Statistical analysis was performed using GraphPad PRISM (Version 9, La Jolla, USA). Data were tested for Gaussian distribution. Normally distributed data of blood variables were analyzed for inter- and intra-group differences with a 2-way ANOVA followed by Tukey Post-hoc test. Otherwise, a mixed model analysis was used followed by Dunn’s Post-hoc test. To determine associations between skeletal muscle mass (SMM), age, VO2peak and VO2T1, Spearman correlation analyses followed by two-tailored t-test were performed to determine statistical significance. Descriptive statistics of the data are presented as mean ± standard deviation. Statistical differences were considered to be significant for values of p ≤ 0.05.

Results

Physical performance measures and anthropometry

The study population consisted of 28 participants (14 HPF, 14 LPF). A detailed anthropometric description is provided in Table 1.

Table 1 Anthropometric data of all participants and subdivided into trained (HPF) and untrained control group (LPF)

HPF participants had lower body mass (p = 0.0119), BMI (p = 0.0026) and body fat mass (p < 0.001) (Table 1) as well as lower percentage body fat (p < 0.001) and higher VO2peak (p < 0.001) compared to LPF (Fig. 2). Examination of the respiratory quotient (RQ) at maximal exertion showed a mean of 1.10 +/− 0.09, which is clear sign of objective exhaustion in all subjects. Gender analysis revealed no significant differences in the fat parameters or VO2peak between female and male participants. Only VO2T1 was significantly higher in males vs. females (p = 0.0003) (Additional File 1). As the results were based on the fitness level determined by VO2peak, no gender effect is assumed to bias the data.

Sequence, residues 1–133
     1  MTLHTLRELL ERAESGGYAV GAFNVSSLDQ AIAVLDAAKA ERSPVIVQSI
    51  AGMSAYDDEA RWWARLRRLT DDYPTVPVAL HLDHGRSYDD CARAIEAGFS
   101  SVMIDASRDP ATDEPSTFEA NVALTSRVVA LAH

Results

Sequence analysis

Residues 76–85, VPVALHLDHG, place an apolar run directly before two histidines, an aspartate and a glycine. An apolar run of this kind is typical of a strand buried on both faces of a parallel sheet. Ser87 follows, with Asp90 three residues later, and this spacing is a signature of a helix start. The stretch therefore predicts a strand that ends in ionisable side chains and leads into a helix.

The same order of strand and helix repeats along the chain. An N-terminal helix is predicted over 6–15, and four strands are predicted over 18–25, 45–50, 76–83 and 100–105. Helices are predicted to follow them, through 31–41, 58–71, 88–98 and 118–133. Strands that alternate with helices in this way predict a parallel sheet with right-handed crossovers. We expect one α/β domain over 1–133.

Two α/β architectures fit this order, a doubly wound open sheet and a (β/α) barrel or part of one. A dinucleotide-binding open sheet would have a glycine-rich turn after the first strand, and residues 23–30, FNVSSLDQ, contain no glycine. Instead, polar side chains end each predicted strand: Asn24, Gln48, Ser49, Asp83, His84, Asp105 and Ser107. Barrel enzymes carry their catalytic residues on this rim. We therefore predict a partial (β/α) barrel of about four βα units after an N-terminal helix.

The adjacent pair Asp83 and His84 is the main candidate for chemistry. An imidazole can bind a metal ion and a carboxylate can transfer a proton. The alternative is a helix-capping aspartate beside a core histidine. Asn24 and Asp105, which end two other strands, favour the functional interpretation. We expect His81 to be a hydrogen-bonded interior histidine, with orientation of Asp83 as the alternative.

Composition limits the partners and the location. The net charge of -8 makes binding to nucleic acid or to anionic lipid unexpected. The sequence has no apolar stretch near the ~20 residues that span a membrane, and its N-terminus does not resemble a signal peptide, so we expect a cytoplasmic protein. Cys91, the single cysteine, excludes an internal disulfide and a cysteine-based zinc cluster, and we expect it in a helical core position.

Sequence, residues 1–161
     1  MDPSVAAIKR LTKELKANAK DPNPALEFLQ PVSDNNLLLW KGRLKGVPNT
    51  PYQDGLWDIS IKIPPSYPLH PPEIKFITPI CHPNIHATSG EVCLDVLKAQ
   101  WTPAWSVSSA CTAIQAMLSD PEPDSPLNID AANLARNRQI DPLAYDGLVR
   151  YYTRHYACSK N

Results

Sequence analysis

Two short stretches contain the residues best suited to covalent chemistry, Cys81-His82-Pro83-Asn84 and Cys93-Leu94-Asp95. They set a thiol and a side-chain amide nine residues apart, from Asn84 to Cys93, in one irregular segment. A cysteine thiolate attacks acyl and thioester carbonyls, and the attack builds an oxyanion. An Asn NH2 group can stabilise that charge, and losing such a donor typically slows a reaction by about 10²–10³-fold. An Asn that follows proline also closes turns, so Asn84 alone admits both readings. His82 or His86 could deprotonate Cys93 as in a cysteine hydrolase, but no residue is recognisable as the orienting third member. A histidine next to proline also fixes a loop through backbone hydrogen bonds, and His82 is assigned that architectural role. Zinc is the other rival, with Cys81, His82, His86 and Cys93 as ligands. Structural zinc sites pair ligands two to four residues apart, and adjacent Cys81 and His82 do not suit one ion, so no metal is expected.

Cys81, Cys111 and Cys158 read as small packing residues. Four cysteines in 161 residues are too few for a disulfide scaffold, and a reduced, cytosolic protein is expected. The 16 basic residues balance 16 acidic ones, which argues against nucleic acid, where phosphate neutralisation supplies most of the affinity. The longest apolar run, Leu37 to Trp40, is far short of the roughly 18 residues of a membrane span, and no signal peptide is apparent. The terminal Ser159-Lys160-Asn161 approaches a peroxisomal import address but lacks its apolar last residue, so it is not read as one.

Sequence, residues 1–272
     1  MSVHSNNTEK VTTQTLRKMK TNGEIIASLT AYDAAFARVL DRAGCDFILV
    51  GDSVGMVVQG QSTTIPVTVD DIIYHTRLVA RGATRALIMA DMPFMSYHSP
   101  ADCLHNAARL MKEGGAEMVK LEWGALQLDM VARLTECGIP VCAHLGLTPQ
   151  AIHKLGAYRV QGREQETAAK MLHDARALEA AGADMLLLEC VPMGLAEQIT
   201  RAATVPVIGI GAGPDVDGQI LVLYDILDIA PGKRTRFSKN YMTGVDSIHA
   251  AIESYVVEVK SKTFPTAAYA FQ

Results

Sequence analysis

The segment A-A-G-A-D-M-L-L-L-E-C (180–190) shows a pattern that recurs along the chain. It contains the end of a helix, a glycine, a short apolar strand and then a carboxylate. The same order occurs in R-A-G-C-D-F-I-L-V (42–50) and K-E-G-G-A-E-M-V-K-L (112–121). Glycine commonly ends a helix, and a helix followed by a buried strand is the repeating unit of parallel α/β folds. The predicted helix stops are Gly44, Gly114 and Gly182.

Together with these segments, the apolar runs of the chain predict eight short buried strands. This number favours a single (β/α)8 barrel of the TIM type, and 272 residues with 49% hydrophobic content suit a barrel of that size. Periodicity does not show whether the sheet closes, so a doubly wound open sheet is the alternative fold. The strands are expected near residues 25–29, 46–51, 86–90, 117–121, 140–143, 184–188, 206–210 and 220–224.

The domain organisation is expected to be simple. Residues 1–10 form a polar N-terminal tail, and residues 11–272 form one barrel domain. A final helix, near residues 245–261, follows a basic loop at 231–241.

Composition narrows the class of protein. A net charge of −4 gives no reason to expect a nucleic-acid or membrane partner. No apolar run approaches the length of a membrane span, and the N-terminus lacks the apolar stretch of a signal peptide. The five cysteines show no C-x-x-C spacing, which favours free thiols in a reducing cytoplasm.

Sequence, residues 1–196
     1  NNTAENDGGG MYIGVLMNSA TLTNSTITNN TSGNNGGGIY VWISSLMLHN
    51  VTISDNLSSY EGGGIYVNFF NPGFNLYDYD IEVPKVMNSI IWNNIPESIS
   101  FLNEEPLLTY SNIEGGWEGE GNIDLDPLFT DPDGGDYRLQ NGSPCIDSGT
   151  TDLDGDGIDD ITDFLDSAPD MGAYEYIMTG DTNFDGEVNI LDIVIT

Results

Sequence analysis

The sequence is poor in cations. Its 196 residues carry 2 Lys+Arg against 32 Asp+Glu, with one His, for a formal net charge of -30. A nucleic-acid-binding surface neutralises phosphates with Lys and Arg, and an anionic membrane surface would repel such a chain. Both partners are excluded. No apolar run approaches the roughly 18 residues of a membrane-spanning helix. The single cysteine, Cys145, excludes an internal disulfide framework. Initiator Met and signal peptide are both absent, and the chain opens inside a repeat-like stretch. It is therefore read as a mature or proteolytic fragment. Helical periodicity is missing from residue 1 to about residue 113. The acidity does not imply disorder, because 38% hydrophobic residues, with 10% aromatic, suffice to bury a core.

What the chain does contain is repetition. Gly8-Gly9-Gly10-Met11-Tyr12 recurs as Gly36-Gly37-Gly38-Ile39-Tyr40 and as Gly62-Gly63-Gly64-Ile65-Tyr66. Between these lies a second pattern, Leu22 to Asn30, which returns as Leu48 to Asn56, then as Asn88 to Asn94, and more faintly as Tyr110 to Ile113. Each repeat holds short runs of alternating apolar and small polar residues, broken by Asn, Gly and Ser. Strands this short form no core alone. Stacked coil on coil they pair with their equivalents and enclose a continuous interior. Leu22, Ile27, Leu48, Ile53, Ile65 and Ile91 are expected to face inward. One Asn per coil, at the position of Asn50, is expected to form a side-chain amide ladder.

Fig. 2
figure 2

Differences in aerobic capacity and anthropometry in HPF and LPF. A HPF showed significantly higher VO2peak/kg values compared with LPF (p < 0.001) with no difference in first ventilatory threshold VO2VT1. B Skeletal muscle mass (SSM) was statistically not different between the groups while body fat was higher in LPF (p < 0.001)

Significant positive correlation between VO2peak and VO2VT1 in HPF and LPF

Although there was no correlation between SMM, age, VO2peak and VO2T1 (Fig. 3), a positive correlation between VO2peak and VO2VT1 in HPF (p = 0.009) and LPF (p = 0.004) was observed (Additional File 1). A separate analysis showed no effect of sex on the tested parameters. In female participants, there were negative correlations seen between body fat percentage and VO2peak (p = 0.003) and body fat mass and age (0.022) (Additional File 1).

Fig. 3
figure 3

Correlation of variables known to affect performance, and which are changing during ageing. A Correlation of skeletal muscle mass (SMM) and VO2peak revealed no association in HPF or LPF. B No association was observed regarding age and SMM in both groups

RT-PCR revealed no differences except for BDNF and BRCA1

Analysis of selected genes involved in aerobic metabolism, anti-oxidative response, ageing, and tumor development showed no difference in the expression between HPF and LPF, except for BDNF and BRCA1 (Additional File 2). Except for a limited number of PCR-results for BDNF (HPF n = 5, LPF n = 6), all targets could be reliable detected.

Myosin heavy chain (MyHC) composition did not differ between HPF (n = 13) and LPF (n = 12)